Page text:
tive tool to reduce wait times does not actually reduce average
Second, variability does not need to be explained by reason-
able causes, despite our natural desire for a rational explanation of
everything; statisticians are frequently just as happy to pore over
patterns of correlation. In Chapter 2, we compare and contrast
these two modes of statistical modeling by trailing disease detec-
tives on the hunt for tainted spinach (causal models) and by prying
open the black box that produces credit scores (correlational mod-
els). Surprisingly, these practitioners freely admit that their models
are “wrong” in the sense that they do not perfectly describe the
world around us; we explore how they justify what they do.
Third, statisticians are constantly looking out for missed
nuances: a statistical average for all groups may well hide vital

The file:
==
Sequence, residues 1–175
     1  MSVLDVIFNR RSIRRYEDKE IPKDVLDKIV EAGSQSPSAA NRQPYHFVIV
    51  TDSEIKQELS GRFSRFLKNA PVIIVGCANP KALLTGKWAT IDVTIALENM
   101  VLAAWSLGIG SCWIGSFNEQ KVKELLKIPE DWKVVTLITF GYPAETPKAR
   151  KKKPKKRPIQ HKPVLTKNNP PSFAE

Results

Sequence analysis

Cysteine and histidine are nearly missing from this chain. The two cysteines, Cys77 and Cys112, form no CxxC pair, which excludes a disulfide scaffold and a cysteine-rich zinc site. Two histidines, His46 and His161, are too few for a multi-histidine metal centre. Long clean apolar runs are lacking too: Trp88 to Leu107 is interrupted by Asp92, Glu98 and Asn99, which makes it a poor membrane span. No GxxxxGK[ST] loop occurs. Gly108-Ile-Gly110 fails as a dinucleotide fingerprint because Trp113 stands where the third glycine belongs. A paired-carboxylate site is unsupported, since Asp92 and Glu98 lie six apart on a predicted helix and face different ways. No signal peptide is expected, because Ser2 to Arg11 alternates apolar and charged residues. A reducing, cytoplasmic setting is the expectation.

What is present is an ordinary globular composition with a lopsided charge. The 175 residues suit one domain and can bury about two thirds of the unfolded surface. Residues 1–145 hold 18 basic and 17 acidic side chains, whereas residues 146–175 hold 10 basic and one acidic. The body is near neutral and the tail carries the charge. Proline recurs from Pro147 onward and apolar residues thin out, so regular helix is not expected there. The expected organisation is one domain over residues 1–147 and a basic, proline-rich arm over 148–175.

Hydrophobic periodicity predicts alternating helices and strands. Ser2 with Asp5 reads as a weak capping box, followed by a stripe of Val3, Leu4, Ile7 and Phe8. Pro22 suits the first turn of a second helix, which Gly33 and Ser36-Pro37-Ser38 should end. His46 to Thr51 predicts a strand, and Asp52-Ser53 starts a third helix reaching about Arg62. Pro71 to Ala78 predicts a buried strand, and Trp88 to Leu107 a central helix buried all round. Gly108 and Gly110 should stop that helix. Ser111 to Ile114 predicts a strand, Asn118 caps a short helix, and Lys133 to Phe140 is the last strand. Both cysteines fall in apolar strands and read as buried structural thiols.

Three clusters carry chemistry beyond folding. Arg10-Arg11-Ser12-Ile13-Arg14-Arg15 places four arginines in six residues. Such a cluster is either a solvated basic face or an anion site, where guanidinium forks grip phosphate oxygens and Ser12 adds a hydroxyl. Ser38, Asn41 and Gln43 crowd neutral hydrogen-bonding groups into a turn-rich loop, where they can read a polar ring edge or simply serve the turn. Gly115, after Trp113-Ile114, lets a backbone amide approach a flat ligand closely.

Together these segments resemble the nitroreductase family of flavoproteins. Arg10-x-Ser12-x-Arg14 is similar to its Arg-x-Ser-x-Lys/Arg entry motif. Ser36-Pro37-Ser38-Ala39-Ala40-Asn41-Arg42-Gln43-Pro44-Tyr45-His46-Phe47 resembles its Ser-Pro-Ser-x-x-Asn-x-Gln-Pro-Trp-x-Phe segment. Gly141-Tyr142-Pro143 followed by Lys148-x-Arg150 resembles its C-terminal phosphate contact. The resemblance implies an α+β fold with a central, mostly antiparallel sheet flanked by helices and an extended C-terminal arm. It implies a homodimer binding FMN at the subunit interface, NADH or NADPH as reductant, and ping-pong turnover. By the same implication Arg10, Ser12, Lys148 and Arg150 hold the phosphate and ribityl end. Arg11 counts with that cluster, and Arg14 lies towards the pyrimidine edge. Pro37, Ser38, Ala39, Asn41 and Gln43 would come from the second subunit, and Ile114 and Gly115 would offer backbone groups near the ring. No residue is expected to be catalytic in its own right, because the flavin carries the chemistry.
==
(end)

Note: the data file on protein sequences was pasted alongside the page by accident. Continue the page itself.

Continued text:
differences that exist between these groups. Ignoring group differ-
ences when they are present frequently portends inequitable treat-
ment. The typical way of deﬁ ning groups, such as by race, gender,
or income, is often found wanting. In Chapter 3, we evaluate
the mixed consequences that occur when the insurance industry
adjusts prices to reﬂect the difference in the amount of exposure to
hurricanes between coastal and inland properties, as well as what
happens when designers of standardized tests attempt to eliminate
the gap in performance between black and white students.
Fourth, decisions based on statistics can be calibrated to strike a
balance between two types of errors. Predictably, decision makers
have an incentive to focus exclusively on minimizing any mistake
that could bring about public humiliation, but statisticians point
out that because of this bias, their decisions will aggravate other
errors, which are unnoticed but serious. We use this framework
in Chapter 4 to explain why automated data-mining technologies
cannot identify terrorist plots without inﬂ icting unacceptable col-
lateral damage, and why the steroid-testing laboratories are inef-
fective at catching most of the cheating athletes.
Finally, statisticians follow a speciﬁc protocol known as statis-
tical testing when deciding whether the evidence ﬁts the crime,